A double-blind, randomized, placebo-controlled trial of essential fatty acid supplementation in the maintenance of remission of ulcerative colitis

Authors


Correspondence to: Dr S. J. Middleton, Department of Gastroenterology, Unit E7, Box 201A, Addenbrooke's NHS Trust, Cambridge CB2 2QQ, UK. E-mail: stephen.middleton@addenbrookes.nhs.uk

Summary

Background : Essential fatty acid supplementation has been found to ameliorate certain chronic inflammatory diseases. This effect is thought to be mediated through the modulation of eicosanoid synthesis. Pro-inflammatory eicosanoids have been implicated in ulcerative colitis.

Aim : To investigate the possible therapeutic benefit of essential fatty acids in quiescent ulcerative colitis to reduce the frequency of disease relapse.

Methods : A randomized, double-blind, placebo-controlled study was performed with a treatment duration of 12 months. Patients with quiescent disease received either trial medication (gamma-linolenic acid, 1.6 g, eicosapentaenoic acid, 270 mg, and docosahexaenoic acid, 45 mg, per day) or placebo (sunflower oil, 500 mg/day). The primary end-point was disease activity, assessed by a previously validated clinical index, sigmoidoscopic appearance and histology.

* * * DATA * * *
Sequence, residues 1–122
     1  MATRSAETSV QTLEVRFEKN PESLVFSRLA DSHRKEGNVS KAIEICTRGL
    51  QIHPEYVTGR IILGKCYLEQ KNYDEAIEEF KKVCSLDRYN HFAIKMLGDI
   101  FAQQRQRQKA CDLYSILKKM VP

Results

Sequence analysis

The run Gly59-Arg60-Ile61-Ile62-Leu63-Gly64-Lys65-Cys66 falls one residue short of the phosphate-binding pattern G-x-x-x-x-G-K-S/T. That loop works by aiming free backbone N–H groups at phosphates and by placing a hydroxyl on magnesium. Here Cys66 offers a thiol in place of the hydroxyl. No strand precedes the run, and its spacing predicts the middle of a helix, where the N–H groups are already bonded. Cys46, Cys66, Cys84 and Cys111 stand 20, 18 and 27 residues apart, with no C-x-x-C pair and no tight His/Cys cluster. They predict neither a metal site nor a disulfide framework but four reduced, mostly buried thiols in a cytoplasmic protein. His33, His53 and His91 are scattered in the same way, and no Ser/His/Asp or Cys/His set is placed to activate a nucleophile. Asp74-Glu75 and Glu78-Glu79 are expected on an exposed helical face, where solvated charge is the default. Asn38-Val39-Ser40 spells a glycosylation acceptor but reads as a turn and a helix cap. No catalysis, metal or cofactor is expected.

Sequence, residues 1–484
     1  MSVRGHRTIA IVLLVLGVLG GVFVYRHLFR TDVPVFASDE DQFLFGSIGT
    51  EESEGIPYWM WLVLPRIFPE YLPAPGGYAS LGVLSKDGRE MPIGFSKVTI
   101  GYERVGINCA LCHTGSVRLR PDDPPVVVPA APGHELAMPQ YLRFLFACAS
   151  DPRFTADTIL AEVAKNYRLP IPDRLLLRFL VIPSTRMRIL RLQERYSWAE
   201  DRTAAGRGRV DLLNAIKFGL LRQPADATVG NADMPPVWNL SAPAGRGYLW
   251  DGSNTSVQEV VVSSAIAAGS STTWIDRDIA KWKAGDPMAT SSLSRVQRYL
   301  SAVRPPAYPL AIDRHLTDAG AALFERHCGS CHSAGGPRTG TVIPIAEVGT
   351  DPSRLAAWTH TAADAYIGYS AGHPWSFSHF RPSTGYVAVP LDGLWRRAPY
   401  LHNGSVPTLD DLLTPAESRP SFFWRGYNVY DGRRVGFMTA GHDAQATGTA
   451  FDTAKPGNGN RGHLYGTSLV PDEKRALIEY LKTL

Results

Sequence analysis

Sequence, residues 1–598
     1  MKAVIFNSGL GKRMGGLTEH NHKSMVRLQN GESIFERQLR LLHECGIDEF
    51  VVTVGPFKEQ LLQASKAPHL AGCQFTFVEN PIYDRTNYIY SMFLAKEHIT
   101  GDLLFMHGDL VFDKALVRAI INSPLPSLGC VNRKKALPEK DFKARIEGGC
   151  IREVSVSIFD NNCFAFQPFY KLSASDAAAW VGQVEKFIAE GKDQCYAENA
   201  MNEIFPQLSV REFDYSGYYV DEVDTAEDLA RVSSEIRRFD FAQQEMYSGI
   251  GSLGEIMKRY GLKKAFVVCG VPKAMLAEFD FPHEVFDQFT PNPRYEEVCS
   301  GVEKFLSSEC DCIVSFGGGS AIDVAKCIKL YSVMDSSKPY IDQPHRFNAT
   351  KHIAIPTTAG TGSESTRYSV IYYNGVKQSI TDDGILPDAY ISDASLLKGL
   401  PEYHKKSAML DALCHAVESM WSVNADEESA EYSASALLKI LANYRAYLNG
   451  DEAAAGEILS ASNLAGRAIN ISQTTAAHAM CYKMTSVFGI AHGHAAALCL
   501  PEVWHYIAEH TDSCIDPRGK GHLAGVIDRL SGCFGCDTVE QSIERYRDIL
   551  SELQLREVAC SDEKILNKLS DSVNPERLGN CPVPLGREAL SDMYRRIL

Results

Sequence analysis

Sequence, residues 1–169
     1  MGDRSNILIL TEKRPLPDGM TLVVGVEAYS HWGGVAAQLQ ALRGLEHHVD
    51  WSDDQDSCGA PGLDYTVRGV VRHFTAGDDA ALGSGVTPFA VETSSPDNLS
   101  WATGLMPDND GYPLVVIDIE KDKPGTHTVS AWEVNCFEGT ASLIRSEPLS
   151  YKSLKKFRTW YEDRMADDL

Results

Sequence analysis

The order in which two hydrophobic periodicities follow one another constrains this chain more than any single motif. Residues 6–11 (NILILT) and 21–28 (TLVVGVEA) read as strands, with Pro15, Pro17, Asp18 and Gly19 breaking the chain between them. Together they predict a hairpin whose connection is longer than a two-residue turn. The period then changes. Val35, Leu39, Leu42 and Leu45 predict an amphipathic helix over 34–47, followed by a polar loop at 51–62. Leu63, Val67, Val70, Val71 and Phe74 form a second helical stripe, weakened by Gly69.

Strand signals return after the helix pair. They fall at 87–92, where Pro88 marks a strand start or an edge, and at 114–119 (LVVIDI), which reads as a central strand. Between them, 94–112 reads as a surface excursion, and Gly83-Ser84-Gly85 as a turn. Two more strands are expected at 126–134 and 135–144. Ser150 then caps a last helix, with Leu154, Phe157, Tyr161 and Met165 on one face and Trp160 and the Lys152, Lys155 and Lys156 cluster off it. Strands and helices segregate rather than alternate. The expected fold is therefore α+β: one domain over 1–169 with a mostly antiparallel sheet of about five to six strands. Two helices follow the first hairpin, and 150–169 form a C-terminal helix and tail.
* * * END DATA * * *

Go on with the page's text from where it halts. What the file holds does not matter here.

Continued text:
Results : Sixty-three patients were randomized, 31 to receive essential fatty acid treatment and 32 to receive placebo. Disease relapse rates were similar at 12 months (placebo, 38%; essential fatty acids, 55%), as were changes in sigmoidoscopic grade from baseline.

Conclusions : The supplementation of the diet with this combination of essential fatty acids does not prolong the period of disease remission of ulcerative colitis.

Introduction